another trip to Kejetia market – the fabrics

Ladies and their fabric store

I’ve had a rough few weeks of lets call it, cultural re-awakening. When you thought you had life in your foreign country under control, then the old culture shock creeps up and king hits you from behind. There has been frustrations, short tempers, a general malaise of disappointment and maybe even a few tears.

So, it was an absurd case of out of the frying pan and into the fire, when a friend and I decided we needed another trip to Kejetia Markets here in Kumasi, said to be the biggest market in West Africa (I have written about it previously here).

Kejetia Market is a sprawling ecosystem unto itself, said to contain 10,000 individual stallholders. It is located in the centre of Kumasi (it’s also called Central Market), so it involves a drive into the thick traffic of town, and then a walk into the markets.

You push through the crowded streets, dodging tro-tros and motorbikes, past stalls piled high with second hand-everything (shoes, door locks, engine parts, mobile phones), when suddenly you pass through a non-descript metal gate, and the cars have gone. It brings a small sense of relief not having to worry about being run-over, but the space vacated by the cars is now taken up by people. The streets become lanes and alleyways and passageways. One minute you are buying tomatoes, the next a prayer mat, then the tiny stalls of tailors and embroiderers, an antique store squeezed in between, and round the corner and peer down a lane no wider than a metre, are tens of young men making shiny black vinyl flip-flops, all proudly embossed in gold ‘Made in Italy’.

But this trip, we didn’t come for shoes, or tailors or antiques; we came for fabric.

Ask anyone who knows me well and they’ll confirm my deep and abiding love of fabrics.

The perfect grey French linen, the darkest indigo denim, Japanese kimonos, embroidered Southeast Asian textiles, Indian saris, anything Marrimekko (and if we can’t afford that, something from our favourite Scandinavian superstore), and the extraordinary woven Ghanaian kente, the fabric of kings. So, when we decided to move to Ghana, you can imagine how excited I was about African wax print. The fabulous colours, the kind of kooky prints…gorgeous.

But the funny thing, and this comes after years of sewing, after we arrived I was kind of dumbfounded as to what to do with the wax print. It looks utterly fabulous on African women, but on obrunis, well, unless it’s broken up by some neutral colours, you end up looking like an overweight missionary trying to blend in with the converted (did I really say that?). So for several months I um-ed and ah-ed and wondered what to do with this extraordinary fabric. I started by covering some foam squares which are readily available everywhere here for our Gold Coast-era sofa. Then I progressed to shopping bags, and now, should I find something predominately navy or in funeral shades, I can wear it as a skirt.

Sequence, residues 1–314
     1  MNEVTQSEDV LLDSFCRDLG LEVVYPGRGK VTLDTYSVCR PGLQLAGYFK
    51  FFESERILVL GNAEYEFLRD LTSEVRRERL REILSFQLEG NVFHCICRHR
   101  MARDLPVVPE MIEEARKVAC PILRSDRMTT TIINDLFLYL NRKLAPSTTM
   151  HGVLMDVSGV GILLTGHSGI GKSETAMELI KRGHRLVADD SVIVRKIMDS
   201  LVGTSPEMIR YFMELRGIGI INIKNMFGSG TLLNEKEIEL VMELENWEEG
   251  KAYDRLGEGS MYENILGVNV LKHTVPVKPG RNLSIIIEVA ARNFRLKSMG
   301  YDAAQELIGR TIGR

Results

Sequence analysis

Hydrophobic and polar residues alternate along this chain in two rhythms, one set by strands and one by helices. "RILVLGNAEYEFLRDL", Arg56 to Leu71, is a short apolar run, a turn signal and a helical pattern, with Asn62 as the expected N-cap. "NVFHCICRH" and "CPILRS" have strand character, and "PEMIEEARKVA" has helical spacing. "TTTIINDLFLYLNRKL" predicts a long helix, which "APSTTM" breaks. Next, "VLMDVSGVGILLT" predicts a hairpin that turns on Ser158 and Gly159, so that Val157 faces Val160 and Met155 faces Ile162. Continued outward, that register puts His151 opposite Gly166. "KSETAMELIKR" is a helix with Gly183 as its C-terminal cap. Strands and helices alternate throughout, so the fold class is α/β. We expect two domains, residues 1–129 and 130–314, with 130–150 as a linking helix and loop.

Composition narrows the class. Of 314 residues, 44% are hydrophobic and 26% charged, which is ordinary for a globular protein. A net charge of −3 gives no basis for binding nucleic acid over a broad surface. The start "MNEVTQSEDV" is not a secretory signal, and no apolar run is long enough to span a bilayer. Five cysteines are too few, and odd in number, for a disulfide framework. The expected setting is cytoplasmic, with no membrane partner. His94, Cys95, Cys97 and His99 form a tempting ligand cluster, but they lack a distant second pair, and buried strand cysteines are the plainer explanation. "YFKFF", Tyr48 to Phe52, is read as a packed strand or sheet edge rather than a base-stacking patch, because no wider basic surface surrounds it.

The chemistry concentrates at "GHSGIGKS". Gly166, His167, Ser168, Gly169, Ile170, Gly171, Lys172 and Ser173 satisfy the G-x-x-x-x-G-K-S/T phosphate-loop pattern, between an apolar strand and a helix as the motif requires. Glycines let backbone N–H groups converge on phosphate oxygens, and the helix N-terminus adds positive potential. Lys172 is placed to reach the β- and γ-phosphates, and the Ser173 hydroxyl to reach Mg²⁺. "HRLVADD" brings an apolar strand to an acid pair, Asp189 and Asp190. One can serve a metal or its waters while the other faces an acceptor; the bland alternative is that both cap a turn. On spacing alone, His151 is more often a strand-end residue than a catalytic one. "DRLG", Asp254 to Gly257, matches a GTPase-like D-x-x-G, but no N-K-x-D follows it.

But, as any fabric-nut will tell you, sometimes it’s best just to buy it…the inspiration will come later (or at least a mountain of uncut cloth waiting for inspiration will).

The markets are broadly grouped into areas, meaning that, like with much of the shopping in Ghana, there are areas which sell largely the same thing. After about 10 minutes walking it was clear we were approaching the fabric section:

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Haberdashery supplies between jewellery stores.

School uniform section

The school uniform fabrics. All school uniforms are made to order in Ghana. There are no stores selling ready made.

And then we were there! Aisles of technicolour extravagance. The wonderful thing about wax print is the massive variety of colours and patterns, and indeed should you need more of the same fabric you have previously purchased it’s often difficult to find it again.

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Each of these dividers are a separate stall. Many are no wider than a doorway, smaller than many first world wardrobes. Some stalls are larger, like the gorgeous women in the first photograph. Each stall is easily 10-12 feet high inside, with the fabric stacked neatly in a kaleidoscopic chaos of colour. A few stalls sell machine embroidered wedding cloth, some of which I bought to make a bed head. But it is the variety of the wax print which is dazzling.

OLYMPUS DIGITAL CAMERACustomer service in Ghana is often a contradiction in terms. With so many stalls selling essentially the same product, it was interesting to gauge the responses to two obruni women who were ready to part with some cash. Stallholders sales techniques varied from blank stares into the middle distance, polite greetings and entreaties to enter their stalls. When I asked a woman to look at some fabric very high in her stall she said to me,  “You’d better buy something if you’re making me get this down”, one woman actually hit me and demanded I “BUY SOMETHING”. Needless to say her sales technique wasn’t successful. But once the cash is shown and the deal is done, it’s all smiles and bff’s. It is just another of the multitude of cultural differences, and if you let it, can drive you bonkers.